Unschooling, as a way to support your children interests feels for me as a very divergent practice. There is a lot of informal learning, exploration, following one’s curiosity and seizing the moment. Lots of bits pieces and sometimes even a big part of a puzzle. What worries me the most is convergence, creating conditions for documentation, systematisation, reflection that would be aligned with the values of unschooling.
Thinking of that today I realised that it might be useful to look at it in terms of knowledge work framework from my PhD (gosh, that post is almost ten years old by now).
In a formal school environment most accent lies on the tasks part: learning specific things in a specific moment is a task. From an unschooling perspective learning is more of a process, while driving force for it could be a “task”, a need to make something happen, as an own project (build alarm system that rings a bell when somebody enters your room) or a real-life need (being able to write your name) and could be an interest that doesn’t really have a goal. When there is a goal (that bull’s eye on the picture) then lots of convergence happens. Otherwise, it depends. Some kids (and some parents 🙂 are naturally skilled in diverging, so making sure that all of it comes together is a task by itself.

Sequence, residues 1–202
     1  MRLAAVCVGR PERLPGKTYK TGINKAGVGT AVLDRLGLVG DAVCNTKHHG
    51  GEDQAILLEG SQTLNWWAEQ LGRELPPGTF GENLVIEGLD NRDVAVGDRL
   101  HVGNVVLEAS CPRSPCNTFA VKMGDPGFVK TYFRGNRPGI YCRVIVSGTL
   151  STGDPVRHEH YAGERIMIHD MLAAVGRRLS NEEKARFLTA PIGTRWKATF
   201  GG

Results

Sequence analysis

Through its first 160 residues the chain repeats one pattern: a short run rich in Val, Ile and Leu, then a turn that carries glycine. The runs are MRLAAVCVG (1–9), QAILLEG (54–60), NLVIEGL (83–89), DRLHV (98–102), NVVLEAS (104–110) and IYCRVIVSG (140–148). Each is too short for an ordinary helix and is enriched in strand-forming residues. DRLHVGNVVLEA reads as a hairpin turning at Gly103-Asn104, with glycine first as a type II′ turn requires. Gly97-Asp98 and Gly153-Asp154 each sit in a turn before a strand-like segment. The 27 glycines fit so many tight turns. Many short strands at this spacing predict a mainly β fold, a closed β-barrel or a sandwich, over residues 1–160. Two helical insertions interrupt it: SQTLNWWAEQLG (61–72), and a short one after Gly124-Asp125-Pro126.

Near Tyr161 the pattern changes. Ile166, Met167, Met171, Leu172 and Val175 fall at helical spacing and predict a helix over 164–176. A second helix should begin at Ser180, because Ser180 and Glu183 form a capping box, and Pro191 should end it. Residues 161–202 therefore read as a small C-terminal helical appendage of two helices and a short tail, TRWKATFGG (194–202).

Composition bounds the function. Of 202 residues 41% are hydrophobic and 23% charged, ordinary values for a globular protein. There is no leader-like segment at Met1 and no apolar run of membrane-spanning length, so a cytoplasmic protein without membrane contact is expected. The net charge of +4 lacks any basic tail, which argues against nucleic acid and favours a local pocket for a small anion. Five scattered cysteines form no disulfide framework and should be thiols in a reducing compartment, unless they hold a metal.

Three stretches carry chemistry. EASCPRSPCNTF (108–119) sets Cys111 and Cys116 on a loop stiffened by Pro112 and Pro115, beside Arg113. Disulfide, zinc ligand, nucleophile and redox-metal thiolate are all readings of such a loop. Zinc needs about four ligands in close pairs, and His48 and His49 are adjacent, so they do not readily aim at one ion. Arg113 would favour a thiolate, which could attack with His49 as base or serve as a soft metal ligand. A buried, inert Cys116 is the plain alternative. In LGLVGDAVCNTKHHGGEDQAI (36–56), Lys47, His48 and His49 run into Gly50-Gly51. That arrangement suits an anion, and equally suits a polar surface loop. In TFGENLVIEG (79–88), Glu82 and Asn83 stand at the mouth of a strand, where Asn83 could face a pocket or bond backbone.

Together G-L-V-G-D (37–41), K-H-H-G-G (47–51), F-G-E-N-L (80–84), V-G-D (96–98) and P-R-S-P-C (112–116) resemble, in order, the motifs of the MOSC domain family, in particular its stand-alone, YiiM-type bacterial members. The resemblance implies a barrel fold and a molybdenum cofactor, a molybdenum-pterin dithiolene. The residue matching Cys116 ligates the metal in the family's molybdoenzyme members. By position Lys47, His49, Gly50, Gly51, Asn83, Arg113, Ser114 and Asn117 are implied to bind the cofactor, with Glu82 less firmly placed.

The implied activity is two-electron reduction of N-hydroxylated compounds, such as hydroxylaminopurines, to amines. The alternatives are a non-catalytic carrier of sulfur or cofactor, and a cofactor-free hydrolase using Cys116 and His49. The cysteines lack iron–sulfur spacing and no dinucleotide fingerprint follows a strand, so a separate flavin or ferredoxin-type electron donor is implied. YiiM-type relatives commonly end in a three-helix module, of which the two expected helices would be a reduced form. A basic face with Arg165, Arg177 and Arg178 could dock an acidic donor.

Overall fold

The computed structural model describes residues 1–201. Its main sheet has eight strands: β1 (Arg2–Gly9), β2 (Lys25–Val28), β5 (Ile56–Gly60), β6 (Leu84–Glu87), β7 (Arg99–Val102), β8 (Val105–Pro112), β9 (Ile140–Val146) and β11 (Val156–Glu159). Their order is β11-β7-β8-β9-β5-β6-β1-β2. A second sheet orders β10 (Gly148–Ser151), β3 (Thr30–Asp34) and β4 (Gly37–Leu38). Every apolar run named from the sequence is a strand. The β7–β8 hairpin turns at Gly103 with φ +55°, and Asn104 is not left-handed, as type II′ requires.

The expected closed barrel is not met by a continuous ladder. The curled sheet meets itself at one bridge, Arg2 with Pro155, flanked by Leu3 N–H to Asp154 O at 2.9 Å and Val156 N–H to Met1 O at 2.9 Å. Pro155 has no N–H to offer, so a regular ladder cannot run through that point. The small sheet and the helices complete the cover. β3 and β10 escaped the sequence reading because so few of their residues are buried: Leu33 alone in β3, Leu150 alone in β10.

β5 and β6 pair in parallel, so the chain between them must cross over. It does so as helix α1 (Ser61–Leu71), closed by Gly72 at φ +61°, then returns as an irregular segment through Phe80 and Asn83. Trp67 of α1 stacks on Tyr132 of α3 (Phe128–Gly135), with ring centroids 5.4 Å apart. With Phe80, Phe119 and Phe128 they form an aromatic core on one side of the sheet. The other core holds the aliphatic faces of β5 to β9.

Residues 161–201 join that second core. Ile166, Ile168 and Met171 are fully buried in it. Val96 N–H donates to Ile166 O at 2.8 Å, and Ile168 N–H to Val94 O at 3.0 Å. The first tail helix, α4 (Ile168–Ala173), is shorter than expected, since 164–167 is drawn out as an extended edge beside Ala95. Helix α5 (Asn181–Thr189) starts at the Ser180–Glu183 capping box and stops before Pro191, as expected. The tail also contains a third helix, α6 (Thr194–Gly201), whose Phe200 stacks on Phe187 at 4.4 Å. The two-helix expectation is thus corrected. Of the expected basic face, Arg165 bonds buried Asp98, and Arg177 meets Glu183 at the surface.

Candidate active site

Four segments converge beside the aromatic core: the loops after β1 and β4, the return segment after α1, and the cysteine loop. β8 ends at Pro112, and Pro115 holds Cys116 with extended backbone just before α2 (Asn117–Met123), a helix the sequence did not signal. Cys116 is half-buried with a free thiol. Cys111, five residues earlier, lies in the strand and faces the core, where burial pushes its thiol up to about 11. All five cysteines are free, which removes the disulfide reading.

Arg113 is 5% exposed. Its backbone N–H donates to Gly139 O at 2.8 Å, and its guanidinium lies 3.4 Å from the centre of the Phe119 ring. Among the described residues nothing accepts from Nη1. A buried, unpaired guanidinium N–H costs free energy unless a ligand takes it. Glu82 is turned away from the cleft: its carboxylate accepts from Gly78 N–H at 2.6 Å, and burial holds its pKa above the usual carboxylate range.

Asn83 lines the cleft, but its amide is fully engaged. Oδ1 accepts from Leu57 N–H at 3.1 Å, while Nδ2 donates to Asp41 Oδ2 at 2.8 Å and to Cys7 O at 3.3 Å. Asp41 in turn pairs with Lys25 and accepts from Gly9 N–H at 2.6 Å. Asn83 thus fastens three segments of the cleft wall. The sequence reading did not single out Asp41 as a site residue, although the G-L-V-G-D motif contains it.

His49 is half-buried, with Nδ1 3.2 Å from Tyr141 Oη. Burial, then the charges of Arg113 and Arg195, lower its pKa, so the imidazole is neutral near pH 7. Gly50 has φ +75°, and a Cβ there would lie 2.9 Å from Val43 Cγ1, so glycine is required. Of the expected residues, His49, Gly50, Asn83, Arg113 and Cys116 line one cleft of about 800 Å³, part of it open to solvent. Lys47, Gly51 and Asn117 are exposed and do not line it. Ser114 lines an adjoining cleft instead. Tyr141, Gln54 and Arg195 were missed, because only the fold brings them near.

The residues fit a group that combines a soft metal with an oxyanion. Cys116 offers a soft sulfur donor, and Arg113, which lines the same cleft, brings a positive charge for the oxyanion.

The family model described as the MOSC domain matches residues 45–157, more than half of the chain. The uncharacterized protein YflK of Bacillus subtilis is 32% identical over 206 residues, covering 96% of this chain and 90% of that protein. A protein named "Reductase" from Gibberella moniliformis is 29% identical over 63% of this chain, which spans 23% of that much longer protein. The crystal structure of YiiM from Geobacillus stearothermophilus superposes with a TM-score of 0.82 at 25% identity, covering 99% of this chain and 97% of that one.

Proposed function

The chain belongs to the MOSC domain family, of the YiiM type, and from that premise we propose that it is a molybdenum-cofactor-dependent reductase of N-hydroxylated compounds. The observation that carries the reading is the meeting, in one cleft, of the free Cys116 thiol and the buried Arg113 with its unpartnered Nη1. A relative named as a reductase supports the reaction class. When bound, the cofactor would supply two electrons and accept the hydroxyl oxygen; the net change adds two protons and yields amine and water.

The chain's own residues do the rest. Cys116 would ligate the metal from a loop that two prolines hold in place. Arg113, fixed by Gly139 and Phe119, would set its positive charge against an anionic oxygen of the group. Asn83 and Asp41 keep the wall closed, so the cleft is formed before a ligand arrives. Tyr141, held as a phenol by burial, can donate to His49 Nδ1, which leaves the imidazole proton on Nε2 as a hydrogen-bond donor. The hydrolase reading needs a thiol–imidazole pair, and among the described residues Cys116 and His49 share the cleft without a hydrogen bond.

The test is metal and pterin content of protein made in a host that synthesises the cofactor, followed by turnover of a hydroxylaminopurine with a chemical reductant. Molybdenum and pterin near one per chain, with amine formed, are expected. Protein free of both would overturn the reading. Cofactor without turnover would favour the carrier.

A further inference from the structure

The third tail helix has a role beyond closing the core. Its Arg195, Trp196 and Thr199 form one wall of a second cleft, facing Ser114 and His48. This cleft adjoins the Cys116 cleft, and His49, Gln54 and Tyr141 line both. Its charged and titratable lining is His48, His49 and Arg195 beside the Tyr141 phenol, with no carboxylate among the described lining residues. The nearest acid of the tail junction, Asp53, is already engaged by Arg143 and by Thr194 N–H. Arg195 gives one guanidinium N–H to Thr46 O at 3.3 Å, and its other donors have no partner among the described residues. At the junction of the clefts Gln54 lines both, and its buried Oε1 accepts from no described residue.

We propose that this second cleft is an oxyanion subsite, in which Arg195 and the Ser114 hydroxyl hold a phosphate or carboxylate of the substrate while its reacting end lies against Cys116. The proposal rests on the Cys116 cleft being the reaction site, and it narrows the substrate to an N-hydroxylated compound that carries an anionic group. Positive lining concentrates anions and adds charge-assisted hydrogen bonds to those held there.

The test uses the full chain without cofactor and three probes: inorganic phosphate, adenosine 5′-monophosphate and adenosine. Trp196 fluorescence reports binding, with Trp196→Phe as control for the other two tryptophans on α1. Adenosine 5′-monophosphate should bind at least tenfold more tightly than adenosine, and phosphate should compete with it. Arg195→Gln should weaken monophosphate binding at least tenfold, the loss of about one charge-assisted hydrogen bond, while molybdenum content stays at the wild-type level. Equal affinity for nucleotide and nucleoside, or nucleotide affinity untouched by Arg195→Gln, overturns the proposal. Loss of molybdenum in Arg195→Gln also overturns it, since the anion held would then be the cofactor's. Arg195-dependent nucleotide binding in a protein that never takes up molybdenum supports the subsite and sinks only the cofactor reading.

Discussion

To be continued…